Buechner is discussing a support group for adult children of alcoholics:
THEY COULD HARDLY be a more ill-assorted lot. Some are educated, and some never finished grade school. Some are on welfare, and some of them have hit the jackpot. Some are straight, and some are gay. There are senior citizens among them and also twenty-year-olds. Some groups are composed of alcoholics and some, like the ones I found my way to, of people who have no alcoholic problem themselves but come from families who did. The one thing they have in common can be easily stated. It is just that they all believe that they cannot live fully human lives without each other and without what they call their Higher Power. They avoid using the word God because some of them do not believe in God. What they all do believe in, or are searching for, is a power higher than their own which will make them well. Some of them would simply say that it is the power of the group itself.
They are apt to begin their meetings with a prayer written by my old seminary professor Reinhold Niebuhr: "God, grant me the serenity to accept the things I cannot change, the courage to change the things I can, and wisdom to know the difference." They are apt to end with the Lord's Prayer: "thy will be done . . . give us this day our daily bread . . . forgive us as we forgive . . . deliver us." "To lend each other a hand when we're falling," Brendan said. "Perhaps that's the only work that matters in the end." As they live their lives, they try to follow a kind of spiritual rule, which consists basically not only of uncovering their own deep secrets but of making peace with the people they have hurt and been hurt by. Through prayer and meditation, through seeking help from each other and from helpful books, they try to draw near any way they can to God or to whatever they call what they have instead of God. They sometimes make serious slips. They sometimes make miraculous gains. They laugh a lot. Once in a while they cry. When the meeting is over, some of them embrace. Sometimes one of them will take special responsibility for another, agreeing to be available at any hour of day or night if the need should arise.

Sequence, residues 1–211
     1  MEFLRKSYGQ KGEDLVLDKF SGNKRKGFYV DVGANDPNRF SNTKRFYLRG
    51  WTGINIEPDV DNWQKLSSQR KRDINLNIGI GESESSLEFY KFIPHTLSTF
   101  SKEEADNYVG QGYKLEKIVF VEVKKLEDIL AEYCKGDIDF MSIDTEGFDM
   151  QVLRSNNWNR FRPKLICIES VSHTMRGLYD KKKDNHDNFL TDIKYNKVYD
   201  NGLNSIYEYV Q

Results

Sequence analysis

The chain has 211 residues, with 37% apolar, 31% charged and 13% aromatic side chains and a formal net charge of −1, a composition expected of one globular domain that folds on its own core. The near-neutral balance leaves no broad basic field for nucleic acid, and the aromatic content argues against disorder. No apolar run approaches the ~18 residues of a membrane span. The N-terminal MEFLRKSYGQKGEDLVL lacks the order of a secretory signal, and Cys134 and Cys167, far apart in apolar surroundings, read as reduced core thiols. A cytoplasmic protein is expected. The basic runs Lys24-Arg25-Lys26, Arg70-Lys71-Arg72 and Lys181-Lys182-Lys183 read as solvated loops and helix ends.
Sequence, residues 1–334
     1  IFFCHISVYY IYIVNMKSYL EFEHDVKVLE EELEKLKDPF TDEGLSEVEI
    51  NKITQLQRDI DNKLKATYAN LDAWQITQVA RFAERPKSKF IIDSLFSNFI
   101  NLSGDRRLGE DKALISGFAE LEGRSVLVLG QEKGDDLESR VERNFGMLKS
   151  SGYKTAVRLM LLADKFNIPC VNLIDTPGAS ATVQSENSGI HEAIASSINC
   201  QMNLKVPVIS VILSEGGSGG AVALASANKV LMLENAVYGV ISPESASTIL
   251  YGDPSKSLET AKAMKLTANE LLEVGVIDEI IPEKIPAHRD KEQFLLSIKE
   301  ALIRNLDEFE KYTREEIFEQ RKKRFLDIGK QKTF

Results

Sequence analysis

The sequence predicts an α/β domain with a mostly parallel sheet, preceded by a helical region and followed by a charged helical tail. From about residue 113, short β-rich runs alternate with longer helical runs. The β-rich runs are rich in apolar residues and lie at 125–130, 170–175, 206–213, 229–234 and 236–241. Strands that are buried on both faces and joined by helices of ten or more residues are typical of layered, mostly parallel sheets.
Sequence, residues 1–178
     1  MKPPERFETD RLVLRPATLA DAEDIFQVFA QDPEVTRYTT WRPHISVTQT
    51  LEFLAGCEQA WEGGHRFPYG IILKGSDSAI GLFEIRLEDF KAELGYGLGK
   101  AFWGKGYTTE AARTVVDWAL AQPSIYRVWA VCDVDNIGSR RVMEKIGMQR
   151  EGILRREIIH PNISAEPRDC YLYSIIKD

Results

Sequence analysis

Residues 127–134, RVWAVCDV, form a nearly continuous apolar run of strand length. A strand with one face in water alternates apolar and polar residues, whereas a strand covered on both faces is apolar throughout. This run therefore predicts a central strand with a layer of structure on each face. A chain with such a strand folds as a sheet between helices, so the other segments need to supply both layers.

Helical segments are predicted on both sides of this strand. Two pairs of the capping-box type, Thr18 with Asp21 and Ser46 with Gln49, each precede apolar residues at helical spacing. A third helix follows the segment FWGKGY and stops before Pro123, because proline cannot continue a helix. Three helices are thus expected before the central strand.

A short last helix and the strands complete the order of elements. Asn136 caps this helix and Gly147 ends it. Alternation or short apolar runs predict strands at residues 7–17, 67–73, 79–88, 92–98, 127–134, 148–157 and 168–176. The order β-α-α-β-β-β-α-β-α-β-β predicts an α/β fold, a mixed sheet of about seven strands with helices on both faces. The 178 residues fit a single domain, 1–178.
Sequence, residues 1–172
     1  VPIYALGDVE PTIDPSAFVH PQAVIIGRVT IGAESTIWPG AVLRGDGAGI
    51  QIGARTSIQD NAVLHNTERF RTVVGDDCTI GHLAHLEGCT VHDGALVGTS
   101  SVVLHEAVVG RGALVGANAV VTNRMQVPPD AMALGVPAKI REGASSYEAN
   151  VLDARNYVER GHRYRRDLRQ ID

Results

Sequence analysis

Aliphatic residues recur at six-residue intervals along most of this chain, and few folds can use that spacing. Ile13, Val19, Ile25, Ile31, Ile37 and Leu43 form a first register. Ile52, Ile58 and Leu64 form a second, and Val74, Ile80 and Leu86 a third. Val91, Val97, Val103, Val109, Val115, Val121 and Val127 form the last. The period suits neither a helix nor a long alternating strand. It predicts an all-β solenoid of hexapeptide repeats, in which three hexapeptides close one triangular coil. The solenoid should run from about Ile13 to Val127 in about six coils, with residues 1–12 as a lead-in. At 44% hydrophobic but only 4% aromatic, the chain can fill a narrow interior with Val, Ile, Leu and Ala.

They also have slogans, which you can either dismiss as hopelessly simplistic or cling on to like driftwood in a stormy sea. One of them is "Let go and let God"—which is so easy to say and for people like me so far from easy to follow. Let go of the dark, which you wrap yourself in like a straitjacket, and let in the light. Stop trying to protect, to rescue, to judge, to manage the lives around you—your children's lives, the lives of your husband, your wife, your friends—because that is just what you are powerless to do. Remember that the lives of other people are not your business. They are their business. They are God's business because they all have God whether they use the word God or not. Even your own life is not your business. It also is God's business. Leave it to God. It is an astonishing thought. It can become a life-transforming thought.
- Originally published in Telling Secrets